Modesty and the Heart

We've known Cristin Henry for several years now, as we connected with her in our Community Group. Since she always took notes and did her homework (ehh, "prep work"), other group members called her my teacher's pet. They were jealous.

They should also be jealous because she was the winner of a free meal in Allendale. We are waiting for her to come (back) down.

She is one of the best thinkers I know, and one of the few young single ladies that regularly listen to podcasts by pastors like Mark Driscoll. She also blogs at Along the Path, where she recently did a series on modesty. I asked her to write a summary guest post for me. I think you'll enjoy, and be challenged.

Modesty is an interesting word.  Depending on whom you are talking to, it may be a great, admirable word or it may be an outdated, repressive word.  I have had several conversations lately on the topic of modesty, and as a result have thought about my own life and view of modesty.

The more time I spend thinking and talking about modesty, the easier it is to see that it is a heart issue.  It’s not about where you shop or what you wear as much as it is about what your heart is inclined towards.  When your heart is inclined toward Christ, the rest of your life, including what you wear, will be an overflow of Christ in your life.

For women, I see two main heart issues when it comes to modesty:  identity/value and love of others.

image courtesy of biewoef via
We find value in the honor of attention from others.  Attention from others is not inherently bad because it is a part of community and relationship.  It becomes dangerous and negative when our value is corrupted by the need for attention; when our identity becomes rooted in how others see and define us.  When Christ defines our identity, though, we no longer look to others to define us.  When our desire for acceptance is met in Christ, we are free to be who He created us to be without looking to others for acceptance. When our identity and value come only from Christ, our clothing will be a non-issue.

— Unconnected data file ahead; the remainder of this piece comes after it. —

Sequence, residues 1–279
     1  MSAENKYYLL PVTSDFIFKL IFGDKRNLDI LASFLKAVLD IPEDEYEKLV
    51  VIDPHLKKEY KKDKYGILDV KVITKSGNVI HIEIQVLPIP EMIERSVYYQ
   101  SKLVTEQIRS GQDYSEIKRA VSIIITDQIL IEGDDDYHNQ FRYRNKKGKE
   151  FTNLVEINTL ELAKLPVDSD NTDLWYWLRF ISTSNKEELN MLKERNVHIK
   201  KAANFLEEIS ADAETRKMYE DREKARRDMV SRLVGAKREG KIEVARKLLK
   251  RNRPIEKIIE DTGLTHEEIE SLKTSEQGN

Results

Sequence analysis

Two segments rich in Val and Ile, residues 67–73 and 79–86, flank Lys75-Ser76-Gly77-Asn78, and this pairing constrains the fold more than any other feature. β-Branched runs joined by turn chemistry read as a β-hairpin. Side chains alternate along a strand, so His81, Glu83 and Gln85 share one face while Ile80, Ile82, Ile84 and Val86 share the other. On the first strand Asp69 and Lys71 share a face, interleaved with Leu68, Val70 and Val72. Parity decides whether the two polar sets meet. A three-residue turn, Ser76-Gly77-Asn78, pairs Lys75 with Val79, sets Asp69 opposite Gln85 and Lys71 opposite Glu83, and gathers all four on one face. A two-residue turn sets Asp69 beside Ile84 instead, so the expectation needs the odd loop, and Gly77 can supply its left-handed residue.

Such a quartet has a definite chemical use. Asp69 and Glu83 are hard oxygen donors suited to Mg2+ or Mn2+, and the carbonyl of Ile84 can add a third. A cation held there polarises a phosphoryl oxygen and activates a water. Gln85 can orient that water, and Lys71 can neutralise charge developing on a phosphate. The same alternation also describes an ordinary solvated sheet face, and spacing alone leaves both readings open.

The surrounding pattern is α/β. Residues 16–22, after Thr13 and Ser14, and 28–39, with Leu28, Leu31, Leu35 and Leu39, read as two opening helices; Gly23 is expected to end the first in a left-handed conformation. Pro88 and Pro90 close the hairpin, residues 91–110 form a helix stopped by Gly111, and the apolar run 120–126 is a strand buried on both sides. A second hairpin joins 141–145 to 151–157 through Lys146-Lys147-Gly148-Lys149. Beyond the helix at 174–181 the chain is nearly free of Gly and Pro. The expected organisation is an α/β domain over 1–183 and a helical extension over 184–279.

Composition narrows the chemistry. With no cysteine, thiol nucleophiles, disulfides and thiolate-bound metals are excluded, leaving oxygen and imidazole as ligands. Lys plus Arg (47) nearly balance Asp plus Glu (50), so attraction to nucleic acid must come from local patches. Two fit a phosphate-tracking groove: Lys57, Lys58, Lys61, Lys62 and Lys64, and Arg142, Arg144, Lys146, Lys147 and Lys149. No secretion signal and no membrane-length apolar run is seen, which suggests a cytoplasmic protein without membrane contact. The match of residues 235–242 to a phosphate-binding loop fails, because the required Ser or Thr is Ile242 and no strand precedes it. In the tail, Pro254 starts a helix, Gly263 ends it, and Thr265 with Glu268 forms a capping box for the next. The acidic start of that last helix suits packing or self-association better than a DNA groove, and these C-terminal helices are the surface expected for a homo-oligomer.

The other heart issue for many women is how we love others, particularly our brothers.  There are struggles unique to men, namely the struggle with visual, sexual images.  We are called to love our brothers in Christ by being considerate of their struggles and seeking to put their interests above our own.  The way I dress is not a matter of my freedom or my rights.  When I choose to follow Christ, I lay down all rights to myself – that includes my right to wear anything I want.  Even if my clothing had nothing to do with my approval or identity (which is not the case), I am still called to a higher standard out of love and respect for my brothers and for Christ.

What do you think about modesty?  Do you spend much time thinking about it?  Do you think it’s an important or relevant topic?  Paul seemed to think it was important enough to address in his letter to Timothy:

“…women should adorn themselves in respectable apparel, with modesty and self-control…” – 1 Timothy 2.9

I encourage you to spend time thinking about the topic of modesty and dialoging with others about it.  Consider how your words, dress, and actions affect not only you personally, but also your brothers and sisters around you, as well as the next generation of women you are influencing.

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